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CE's Pen - Government must double equity funding for education

January 2019

New Zealand has one of the widest gaps in the world between our low and high-achievers.  In fact, data from international studies shows that New Zealand is less effective than almost any other OECD country in narrowing the achievement gap for students from low socio-economic backgrounds.

That’s truly shocking for a country that used to pride itself on egalitarian values.  It’s also puzzling, given the thought and effort from so many people over many years to try to create more equitable outcomes.

Perhaps a partial explanation has just come to light. 

The Tomorrow's Schools Review Report which is out for consultation right now, reveals a telling statistic on page 29 -  apparently we put fewer resources into "supporting our students who come from disadvantaged homes" than other OECD countries, only 3% of school operational funding (including staffing costs) compared to 6% in "comparable jurisdictions". 

If we’re serious about creating a more inclusive society and ensuring every child and young person has what they need to thrive and contribute, we need to invest in equity to at least the level of other similar countries. That’s why COMET is calling on the Government to double the current level of equity funding.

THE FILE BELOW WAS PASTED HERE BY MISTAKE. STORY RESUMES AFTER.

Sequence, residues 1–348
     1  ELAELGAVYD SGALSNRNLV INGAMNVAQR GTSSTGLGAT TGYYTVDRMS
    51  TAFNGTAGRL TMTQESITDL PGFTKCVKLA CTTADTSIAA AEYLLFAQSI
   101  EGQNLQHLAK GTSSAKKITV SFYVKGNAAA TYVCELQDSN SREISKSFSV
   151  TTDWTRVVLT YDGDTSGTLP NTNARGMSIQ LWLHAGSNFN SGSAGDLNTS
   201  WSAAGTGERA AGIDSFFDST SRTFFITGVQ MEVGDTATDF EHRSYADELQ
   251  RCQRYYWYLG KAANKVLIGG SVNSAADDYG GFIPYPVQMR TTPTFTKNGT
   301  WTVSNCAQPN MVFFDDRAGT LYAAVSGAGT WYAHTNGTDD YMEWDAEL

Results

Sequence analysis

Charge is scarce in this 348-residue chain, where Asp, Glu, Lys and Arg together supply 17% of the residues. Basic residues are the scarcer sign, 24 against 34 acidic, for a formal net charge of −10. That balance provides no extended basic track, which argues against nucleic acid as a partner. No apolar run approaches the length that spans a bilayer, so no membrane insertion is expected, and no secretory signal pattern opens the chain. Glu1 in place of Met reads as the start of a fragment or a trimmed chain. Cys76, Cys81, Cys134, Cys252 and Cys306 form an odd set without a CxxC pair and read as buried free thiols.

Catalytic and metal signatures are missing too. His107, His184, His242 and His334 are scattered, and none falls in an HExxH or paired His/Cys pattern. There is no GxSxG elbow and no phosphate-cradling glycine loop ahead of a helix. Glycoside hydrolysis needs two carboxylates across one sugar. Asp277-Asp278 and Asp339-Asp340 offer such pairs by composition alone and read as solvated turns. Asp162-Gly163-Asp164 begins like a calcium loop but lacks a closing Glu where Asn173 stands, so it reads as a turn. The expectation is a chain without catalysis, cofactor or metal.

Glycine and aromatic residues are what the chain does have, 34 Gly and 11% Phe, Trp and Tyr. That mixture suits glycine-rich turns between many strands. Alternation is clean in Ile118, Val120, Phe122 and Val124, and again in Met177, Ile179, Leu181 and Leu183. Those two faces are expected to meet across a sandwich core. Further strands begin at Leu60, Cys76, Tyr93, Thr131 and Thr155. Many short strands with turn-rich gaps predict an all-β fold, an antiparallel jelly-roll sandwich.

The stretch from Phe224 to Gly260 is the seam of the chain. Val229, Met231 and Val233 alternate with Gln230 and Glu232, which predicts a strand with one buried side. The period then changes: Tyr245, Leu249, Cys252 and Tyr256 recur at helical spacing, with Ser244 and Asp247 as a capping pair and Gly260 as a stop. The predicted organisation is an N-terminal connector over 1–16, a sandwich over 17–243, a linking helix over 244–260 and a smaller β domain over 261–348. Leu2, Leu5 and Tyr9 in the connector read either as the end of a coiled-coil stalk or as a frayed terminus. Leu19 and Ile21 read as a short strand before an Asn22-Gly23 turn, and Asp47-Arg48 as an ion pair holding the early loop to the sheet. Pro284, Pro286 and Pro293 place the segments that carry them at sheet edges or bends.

Now is the perfect time to raise this issue, as the Government is beginning to share draft plans in response to the 2018 education consultations. 

All those high-minded, aspirational messages raised in the reviews need to be translated into plans and policies that will actually work in the real world to achieve the outcomes we all want to see.  Government can’t do that alone. They need feedback from educators, governors, researchers, employers, learners, families and communities on whether the proposals are likely to deliver the desired results and whether there are aspects that could have unintended negative consequences.

Already two draft action plans have come out of last year’s reviews – the Early Learning Strategy and the Tomorrow’s Schools Review Report.  Submissions are due by 15th March and 7th April respectively. 

I encourage you to read these documents and reflect on whether the proposals would make a difference for learners, especially those learners who are poorly-served by our education system. 

We are planning a stakeholder consultation in March to contribute to a combined submission on Tomorrow’s Schools, and you might also like to make your own submissions if you have yet to do so. 

Ngā mihi,  

Susan Warren

Chief Executive